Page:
The big difference in EDA seems to be the use of an “intermediary event manager”. The problem I have with this approach is that the “intermediary event manager” works fine if you have a small number of endpoints, but how will it scale to handle hundreds of systems? Thousands? Tens of thousands? I don’t see how the centralized event manager approach can possibly scale to handle tens of millions of events delivered between tens of thousands of systems. The management of such a system would be a nightmare? If a business process went south, you would obviously look in the central event manager as the source of the problem, but I would think that would be like finding a needle in a haystack. You could federate the event managers, instead of attempting to scale out the center. But a federated event manager approach would seem to defeat much of the purpose of an EDA in the first place. If you’re going to federate your event managers, why not cut out the middle man and make each event producer it’s own event manager as well? What is the benefit of separating these capabilities?

I guess fleshing out EDA isn’t a bad idea, but it seems more like a solution looking for a problem to me.

October is for Lost and BSG

Wednesday Oct 4th is the season premier for Lost. Two days later on Oct 6th is the season premier of Battlestar Galactica. These are my favorite two shows – an in my opinion the best two – on TV right now. According to Major Nelson, a one hour recap of BSG called “The Story So Far” is available on XBLM. If they could post a Lost and the Lost Experience recap on XBLM, that would just be perfect.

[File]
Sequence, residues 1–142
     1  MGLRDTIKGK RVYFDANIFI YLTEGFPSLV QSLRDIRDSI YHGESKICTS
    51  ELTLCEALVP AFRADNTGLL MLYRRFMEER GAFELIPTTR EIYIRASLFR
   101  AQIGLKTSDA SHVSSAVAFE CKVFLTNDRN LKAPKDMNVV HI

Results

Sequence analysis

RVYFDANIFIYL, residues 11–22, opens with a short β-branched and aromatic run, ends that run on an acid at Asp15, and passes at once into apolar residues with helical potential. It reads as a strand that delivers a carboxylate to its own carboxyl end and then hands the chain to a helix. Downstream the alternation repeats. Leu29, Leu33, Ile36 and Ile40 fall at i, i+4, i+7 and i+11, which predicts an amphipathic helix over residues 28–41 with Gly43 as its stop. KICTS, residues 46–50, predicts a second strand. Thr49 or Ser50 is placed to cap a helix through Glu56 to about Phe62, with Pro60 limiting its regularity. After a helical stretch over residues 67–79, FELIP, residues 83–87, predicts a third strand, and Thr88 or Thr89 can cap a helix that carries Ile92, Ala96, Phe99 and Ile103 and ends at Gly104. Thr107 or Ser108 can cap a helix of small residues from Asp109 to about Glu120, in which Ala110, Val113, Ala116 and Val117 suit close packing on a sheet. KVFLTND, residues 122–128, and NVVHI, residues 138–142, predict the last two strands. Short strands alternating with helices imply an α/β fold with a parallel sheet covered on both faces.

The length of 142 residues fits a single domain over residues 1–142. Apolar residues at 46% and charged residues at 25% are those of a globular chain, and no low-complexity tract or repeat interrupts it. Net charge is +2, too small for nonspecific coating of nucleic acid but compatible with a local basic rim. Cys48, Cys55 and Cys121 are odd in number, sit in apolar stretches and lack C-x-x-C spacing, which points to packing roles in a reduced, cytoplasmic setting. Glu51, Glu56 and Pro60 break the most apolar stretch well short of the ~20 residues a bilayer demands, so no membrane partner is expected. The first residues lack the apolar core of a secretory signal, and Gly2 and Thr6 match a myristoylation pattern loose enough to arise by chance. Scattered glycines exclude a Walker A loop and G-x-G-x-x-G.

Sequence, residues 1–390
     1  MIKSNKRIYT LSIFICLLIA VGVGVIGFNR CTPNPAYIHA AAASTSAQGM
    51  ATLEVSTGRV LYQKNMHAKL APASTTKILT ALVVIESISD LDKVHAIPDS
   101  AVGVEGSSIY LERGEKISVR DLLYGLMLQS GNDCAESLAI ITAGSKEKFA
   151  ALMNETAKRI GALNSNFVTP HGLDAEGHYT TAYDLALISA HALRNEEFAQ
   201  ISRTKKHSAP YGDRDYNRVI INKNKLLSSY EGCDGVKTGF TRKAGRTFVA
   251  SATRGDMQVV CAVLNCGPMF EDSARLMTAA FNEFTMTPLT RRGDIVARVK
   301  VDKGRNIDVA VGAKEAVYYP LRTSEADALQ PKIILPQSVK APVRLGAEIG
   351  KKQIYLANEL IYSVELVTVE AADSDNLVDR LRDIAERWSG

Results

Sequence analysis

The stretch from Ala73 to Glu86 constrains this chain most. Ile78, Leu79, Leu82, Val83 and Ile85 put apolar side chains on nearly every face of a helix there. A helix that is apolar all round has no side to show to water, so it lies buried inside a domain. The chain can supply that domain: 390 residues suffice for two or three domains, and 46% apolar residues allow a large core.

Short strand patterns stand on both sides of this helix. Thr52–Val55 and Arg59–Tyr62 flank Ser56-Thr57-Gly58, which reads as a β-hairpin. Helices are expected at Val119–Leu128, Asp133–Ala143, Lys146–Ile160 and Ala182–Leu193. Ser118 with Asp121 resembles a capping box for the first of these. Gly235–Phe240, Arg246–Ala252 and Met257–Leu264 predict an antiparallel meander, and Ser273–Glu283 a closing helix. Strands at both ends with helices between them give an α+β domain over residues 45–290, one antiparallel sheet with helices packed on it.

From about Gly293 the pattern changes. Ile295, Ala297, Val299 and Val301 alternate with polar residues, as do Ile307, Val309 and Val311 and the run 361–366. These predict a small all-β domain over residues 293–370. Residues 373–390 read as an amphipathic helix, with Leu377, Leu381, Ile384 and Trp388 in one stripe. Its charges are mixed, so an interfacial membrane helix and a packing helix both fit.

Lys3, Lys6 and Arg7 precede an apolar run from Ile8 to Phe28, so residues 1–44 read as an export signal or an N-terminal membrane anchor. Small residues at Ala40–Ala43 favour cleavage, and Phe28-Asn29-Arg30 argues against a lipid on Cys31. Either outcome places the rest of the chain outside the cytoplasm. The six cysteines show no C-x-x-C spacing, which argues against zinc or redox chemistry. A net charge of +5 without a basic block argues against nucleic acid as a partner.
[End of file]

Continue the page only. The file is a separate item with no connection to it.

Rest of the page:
Greatest Kids Ever

I’m sure my wife will blog this in more detail, but we’re on vacation so blogging isn’t top of her mind. Today was my brother’s wedding – I was the best man with the whole speech giving and everything. We left the kids with my wife’s sister tonight, but last night we brought them to the rehearsal dinner. They were the only two kids there but there were straight up amazingly well behaved. All night. Long past their bedtime (though to be honest, we are in Washington DC and still sort of on west coast time). I mean, I expect my kids to behave – but this was above and beyond. We got to the restaurant around 6pm and didn’t leave until 9:30! Tonight, at the wedding, several people told us how impressed they were with our kids. I am too.

Just wanted to blog how incredibly proud I am of my kids.

Language Features I Wish C# Had – Symbols

Ruby’s symbols are often talked about in terms of efficiency – taking up less memory and executing faster. While these are both laudable goals, symbols are more than just performance improvers. The ability to name things is valuable semantically. Take a look thru p&p’s Composite UI AppBlock and you’ll see strings used as names for things all over the place. It’s great for loose coupling, you see. But how do you tell the difference between a string used as a name and a string used for some other reason like user input? You can’t.

Rails makes extensive use of symbols – anyone who has Rolled on Rails has seen “scaffold :recipe”. That’s just the tip of the iceberg. Rails uses symbols extensively across both ActionPack and ActiveRecord (and probably others I’m not familiar with). It’s a great approach, but one that’s unique to Ruby as far as I’m aware.